THE REALITY OF THE IVORY TRADE

While in Namunyak, Northern Kenya, I come across a sight I will not soon forget…

Yao Ming inspects the corpse of a poached elephant in Namunyak, Northern Kenya.

Photo by Kristian Schmidt / WildAid

Yao Ming inspects the corpse of a poached elephant in Namunyak, Northern Kenya.

Photo by Kristian Schmidt / WildAid

Since 2008, elephant poaching has been on the rise, according to Save the Elephants and the Kenya Wildlife Service.

Yao Ming inspects the corpse of a poached elephant in Namunyak, Northern Kenya.

Photo by Kristian Schmidt / WildAid

I’m told the main destination for illegal ivory is China.

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20 responses

  1. Thank you for doing this. If we all can inform people of the horror and sadness that these killings of tigers, gorillas, rhinos, and elephants, then these beautiful animals can live in safety and freedom. I appreciate that you are taking this to the Asian people, eventually there can be no excuse of ignorance. I donate monthly to IFAW, WCN, IDA, and the David Sheldrick Wildliffe Trust. These organizations are the best!

    B. Hilliard

    August 15, 2012 at 5:42 pm

  2. Charles

    Pictures speak a thousand words, poachers should be stopped on their tracks

    August 16, 2012 at 4:04 am

  3. Dyan

    I hope this show and blog are also available in Mandarin so ordinary Chinese people can read and understand how the ivory that goes into making their chop sticks etc comes from. I think most people think its from elephants who have died naturally, very few know that an animal has to give up its life. I am sure if most people knew this they wouldn’t buy ivory related product.s

    August 16, 2012 at 4:24 am

  4. Jen

    Such sad pictures, but inspirational to see that you are so committed and such positive action is being taken – thank you

    August 16, 2012 at 5:38 am

  5. Cindy W

    Heartbreaking & powerful image. Thank you for making this documentary & educating the Chinese people on the atrocities caused by selling & buying Ivory. This HAS to stop! Your work is inspiring. I’m sharing all your posts on Facebook. Just watched Chelsea Clinton’s interview w/ Dame Daphne at The David Sheldrick WIldlife Trust. We need more “celebrities” like you & Chelsea to bring awareness to this cause & get more $ involved to stop this!! Much Aloha to you for this great work

    August 16, 2012 at 11:24 am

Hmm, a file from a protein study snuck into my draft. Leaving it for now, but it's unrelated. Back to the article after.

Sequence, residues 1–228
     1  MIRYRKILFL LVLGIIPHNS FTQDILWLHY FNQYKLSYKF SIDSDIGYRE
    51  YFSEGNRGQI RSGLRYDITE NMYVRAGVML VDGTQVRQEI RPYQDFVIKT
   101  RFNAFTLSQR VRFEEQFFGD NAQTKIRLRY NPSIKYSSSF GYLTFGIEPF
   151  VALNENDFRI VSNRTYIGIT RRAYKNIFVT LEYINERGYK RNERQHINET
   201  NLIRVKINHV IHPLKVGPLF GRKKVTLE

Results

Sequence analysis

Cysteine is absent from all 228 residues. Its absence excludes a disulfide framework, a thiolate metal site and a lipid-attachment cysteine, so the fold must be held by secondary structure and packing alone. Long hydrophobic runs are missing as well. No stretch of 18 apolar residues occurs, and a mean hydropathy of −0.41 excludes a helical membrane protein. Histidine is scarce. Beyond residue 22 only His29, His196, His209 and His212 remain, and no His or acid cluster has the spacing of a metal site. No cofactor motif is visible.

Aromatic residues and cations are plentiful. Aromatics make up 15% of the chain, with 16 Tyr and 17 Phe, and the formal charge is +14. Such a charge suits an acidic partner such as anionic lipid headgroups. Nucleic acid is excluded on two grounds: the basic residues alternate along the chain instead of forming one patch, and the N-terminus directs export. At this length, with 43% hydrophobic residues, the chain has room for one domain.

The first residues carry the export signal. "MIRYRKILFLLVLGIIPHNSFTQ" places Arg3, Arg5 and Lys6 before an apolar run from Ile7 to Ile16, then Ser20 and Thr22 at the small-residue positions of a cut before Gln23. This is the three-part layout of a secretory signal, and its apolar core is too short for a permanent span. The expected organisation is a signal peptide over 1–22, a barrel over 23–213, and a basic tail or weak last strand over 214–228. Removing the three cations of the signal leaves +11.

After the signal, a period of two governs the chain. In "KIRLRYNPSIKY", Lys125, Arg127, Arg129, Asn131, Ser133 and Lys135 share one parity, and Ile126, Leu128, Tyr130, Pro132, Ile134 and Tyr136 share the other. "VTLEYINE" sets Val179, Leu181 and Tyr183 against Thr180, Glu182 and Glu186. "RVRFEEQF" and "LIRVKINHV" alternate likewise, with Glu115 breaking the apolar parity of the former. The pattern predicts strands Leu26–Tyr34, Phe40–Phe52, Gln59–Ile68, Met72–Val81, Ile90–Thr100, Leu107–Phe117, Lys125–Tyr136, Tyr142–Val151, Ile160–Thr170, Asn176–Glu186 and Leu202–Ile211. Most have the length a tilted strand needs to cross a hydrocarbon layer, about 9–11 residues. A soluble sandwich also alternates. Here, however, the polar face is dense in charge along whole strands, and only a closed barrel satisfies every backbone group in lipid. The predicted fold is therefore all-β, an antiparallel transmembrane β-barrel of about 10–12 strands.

6. We should hunt poachers for their illegal money and use that money to save these animals!

    August 16, 2012 at 11:35 am

    • Kurt Webster

      Absoulutely

      September 3, 2012 at 7:02 pm

  7. Bryan Smith

    Great work, Yao Ming. Your commitment to wildlife preservation is very important for the world and especially China.

    August 16, 2012 at 11:51 am

    • claire fais

      education has to be done; communication non stop also; thank you

      August 17, 2012 at 12:38 am

  8. Janette

    A big thank you Yao Ming, you are a true hero!

    August 16, 2012 at 7:13 pm

  9. 顶!

    August 17, 2012 at 4:18 am

  10. SDurran

    Thank you for educating where it is needed most. The Chinese people must know that behind every ivory trinket such horror is the reality. Elephants and rhinos must be left in peace and if the people of China and Japan do not understand they are truly doomed because the current demand for ivory and rhino horn is too great. A world without these majestic beasts would be a very sad world. Thank you Yao Ming. I love the David Sheldrick Wildlife Trust for all of their work.

    August 17, 2012 at 10:30 am

  11. Please tell us what you are telling the Chinese people and government. Are you telling people that tusks do not grow back? Are you asking the government to stop supporting the China Ivory Carvers Association? No carvings = no trinkets = nothing to buy – as faster way to stop the trade than asking people not to buy. Thank you for all you are doing and bringing awareness of the slaughter and extinction of the world’s heritage, all of our wildlife.

    August 19, 2012 at 3:03 pm

  12. chenyun

    go on!

    August 21, 2012 at 9:23 pm

  13. I hate to burst your bubble, but that is a GIRAFFE and not an elephant.

    August 24, 2012 at 6:52 pm

    • rkampschoer

      Have a really good look at the photo’s and at the animals skin color, thickness and length of the neck, ears etc etc (please take your time for this), and then please google what a giraffe and an elephant look like when they’re still alive.
      then let’s see if you see a giraffe again ;)

      August 28, 2012 at 8:13 am

  14. Kabloona

    This work is incredibly important. For years the chinese have been mislead about the realities of the ivory trade. Yao Ming is the ideal spokesman to educate his countrymen to the sad truth of this terrible trade.

    August 27, 2012 at 7:10 pm

  15. MEM

    Thank God for people like you. What wonderful creatures. These animals need to be saved

    August 30, 2012 at 5:37 pm

  16. shocked!

    September 18, 2012 at 9:40 am

  17. Victor Po

    Keep up the good work Yao Ming.

    January 5, 2013 at 2:50 am

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